In Israel, Hamas rockets hit Ashkelon, Ashdod, Netivot and other parts of central and southern Israel. There were no reports of casualties.
The Israeli military said it had seen the highest ever concentration of rocket attacks on its territory during the past week.
The country’s Iron Dome defence system has intercepted many of them. But some caused damage to cars and buildings, including the Yad Michael synagogue in Ashkelon, where a hole was blasted through the wall just before an evening service for the Jewish holiday of Shavuot. No-one was reported hurt and locals moved quickly to clear up the damage so the service could go ahead, according to the Times of Israel.
How likely is a ceasefire?
By Paul Adams, BBC diplomatic correspondent
Is Israel’s military operation in Gaza, dubbed “Guardian of the Walls”, nearing its conclusion?
Not obviously. Israeli Prime Minister Benjamin Netanyahu said the attacks are continuing with “full force” and will “take time”.
In a news conference on Sunday, he admitted there were “pressures” but thanked US President Joe Biden, in particular, for his support.
Mr Biden’s envoy, Hady Amr, has been in Israel since Friday, discussing the crisis with Israeli officials.
Since the US, like Israel and many other countries, regards Hamas as a terrorist organisation, Mr Amr will not be meeting one of the two warring parties.
Any messages for Hamas will have to go through traditional interlocutors, such as Egypt or Qatar.
Local reports suggest Hamas has been offering some kind of ceasefire for several days, only to be rebuffed by Israel, which clearly wants to inflict as much damage as it can on the militants before the fighting is finally brought to a close.
These episodes follow a familiar pattern: Israel presses home its undoubted military advantage until the international outcry over civilian casualties, and a deteriorating humanitarian situation in Gaza, demand that the operation end.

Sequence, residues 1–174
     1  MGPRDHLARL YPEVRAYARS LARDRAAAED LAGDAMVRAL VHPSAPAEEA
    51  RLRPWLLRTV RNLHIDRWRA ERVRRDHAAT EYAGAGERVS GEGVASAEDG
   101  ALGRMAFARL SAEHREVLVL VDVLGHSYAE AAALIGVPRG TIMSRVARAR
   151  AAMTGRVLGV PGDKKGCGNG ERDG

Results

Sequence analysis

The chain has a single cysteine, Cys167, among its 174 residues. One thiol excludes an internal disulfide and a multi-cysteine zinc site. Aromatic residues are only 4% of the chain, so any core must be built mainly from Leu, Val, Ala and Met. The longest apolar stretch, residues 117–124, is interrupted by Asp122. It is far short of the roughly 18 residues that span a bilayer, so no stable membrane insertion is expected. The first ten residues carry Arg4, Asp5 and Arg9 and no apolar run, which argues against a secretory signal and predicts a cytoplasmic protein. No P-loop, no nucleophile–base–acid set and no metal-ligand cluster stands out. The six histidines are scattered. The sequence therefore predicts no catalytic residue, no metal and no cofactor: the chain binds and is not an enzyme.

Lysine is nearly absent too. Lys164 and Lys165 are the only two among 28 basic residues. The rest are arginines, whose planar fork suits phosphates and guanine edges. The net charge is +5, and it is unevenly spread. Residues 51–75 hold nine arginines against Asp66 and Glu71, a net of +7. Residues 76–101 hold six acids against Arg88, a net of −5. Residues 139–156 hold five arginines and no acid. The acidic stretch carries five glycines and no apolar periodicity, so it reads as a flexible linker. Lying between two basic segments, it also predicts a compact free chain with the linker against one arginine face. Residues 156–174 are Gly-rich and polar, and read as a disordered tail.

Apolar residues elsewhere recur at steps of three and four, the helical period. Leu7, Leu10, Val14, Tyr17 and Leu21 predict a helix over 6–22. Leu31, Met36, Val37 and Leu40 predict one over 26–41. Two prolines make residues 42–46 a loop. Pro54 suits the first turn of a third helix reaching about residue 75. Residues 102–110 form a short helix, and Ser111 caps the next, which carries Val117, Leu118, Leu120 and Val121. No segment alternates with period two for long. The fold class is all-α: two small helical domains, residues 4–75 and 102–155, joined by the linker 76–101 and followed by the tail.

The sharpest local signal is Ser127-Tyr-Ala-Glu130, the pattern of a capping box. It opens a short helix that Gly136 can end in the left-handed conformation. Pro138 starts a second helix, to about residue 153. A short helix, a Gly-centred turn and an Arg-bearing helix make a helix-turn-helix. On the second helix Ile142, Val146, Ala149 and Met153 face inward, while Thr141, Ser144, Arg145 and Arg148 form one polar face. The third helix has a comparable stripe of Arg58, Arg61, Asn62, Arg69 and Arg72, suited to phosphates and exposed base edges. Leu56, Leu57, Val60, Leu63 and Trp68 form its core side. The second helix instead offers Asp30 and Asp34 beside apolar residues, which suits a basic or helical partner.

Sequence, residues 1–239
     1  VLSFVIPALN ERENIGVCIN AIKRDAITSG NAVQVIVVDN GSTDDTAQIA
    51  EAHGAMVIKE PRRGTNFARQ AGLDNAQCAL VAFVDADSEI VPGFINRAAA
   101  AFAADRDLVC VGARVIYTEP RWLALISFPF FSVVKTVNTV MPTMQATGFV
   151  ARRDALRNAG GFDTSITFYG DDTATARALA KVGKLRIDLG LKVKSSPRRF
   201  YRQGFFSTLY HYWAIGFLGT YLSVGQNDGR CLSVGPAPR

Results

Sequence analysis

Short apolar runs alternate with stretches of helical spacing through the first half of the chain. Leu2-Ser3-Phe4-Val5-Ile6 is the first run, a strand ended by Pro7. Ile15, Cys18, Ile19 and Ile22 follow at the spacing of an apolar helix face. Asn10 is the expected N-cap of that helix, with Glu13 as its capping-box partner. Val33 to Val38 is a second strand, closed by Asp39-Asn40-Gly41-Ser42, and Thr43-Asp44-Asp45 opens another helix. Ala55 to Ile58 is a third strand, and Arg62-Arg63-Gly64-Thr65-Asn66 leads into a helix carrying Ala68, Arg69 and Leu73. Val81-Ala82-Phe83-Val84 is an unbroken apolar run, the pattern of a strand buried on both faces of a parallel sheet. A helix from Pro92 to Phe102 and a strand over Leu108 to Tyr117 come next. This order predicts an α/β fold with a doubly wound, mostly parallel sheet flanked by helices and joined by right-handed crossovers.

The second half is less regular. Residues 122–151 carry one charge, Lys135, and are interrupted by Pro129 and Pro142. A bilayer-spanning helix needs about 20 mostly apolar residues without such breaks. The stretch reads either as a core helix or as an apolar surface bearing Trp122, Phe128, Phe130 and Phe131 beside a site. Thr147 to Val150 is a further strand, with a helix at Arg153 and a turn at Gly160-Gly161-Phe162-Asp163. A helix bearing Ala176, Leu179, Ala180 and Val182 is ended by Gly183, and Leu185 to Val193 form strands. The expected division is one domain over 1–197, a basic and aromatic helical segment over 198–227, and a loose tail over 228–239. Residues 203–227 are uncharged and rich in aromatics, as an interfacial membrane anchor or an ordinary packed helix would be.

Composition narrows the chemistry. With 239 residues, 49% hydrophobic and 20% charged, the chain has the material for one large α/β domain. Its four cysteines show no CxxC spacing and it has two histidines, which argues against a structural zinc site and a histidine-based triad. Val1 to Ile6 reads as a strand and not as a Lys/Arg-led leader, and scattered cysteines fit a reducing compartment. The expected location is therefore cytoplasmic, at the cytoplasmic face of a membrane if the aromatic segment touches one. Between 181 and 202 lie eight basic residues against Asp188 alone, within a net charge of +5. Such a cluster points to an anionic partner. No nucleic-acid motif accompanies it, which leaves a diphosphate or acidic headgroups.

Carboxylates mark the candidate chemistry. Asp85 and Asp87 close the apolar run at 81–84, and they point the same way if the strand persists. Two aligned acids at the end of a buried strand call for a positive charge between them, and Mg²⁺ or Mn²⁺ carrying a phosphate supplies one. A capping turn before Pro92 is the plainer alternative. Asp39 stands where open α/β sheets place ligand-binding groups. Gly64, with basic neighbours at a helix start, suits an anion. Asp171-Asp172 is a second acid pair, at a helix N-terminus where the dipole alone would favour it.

In Israel’s estimation, we have not reached that point yet.
What happened during the UN meeting?
The 15-member UN Security Council has been unable to agree on a public statement in recent days and none was forthcoming after the meeting.
The United States – a strong ally of Israel – is said to be the hold-out, believing it would be unhelpful in the diplomatic process.
In Sunday’s meeting, US Ambassador Linda Thomas-Greenfield said the US was ready to offer support “should the parties seek a ceasefire” and had been working tirelessly to try to bring an end to the conflict.
Palestinian Foreign Minister, Riyad al-Maliki, spoke of Saturday’s attack on a refugee camp, which killed 10 members of the same family, leaving a five-month-old survivor to be pulled from the rubble. “Israel often asks us to put ourselves in their shoes,” he said, “but they are not wearing shoes. They’re wearing military boots.”
In response, Israel’s Permanent Representative, Gilad Erdan, cited the death of a 10-year-old Arab-Israeli girl, killed by a Hamas rocket. He insisted Israel was mounting what he called “a heroic effort” to “dismantle terrorist infrastructure and avoid civilian casualties”.
Mr Erdan ended by urging the Security Council to unequivocally condemn Hamas but warned that Israel would take all steps necessary to protect itself.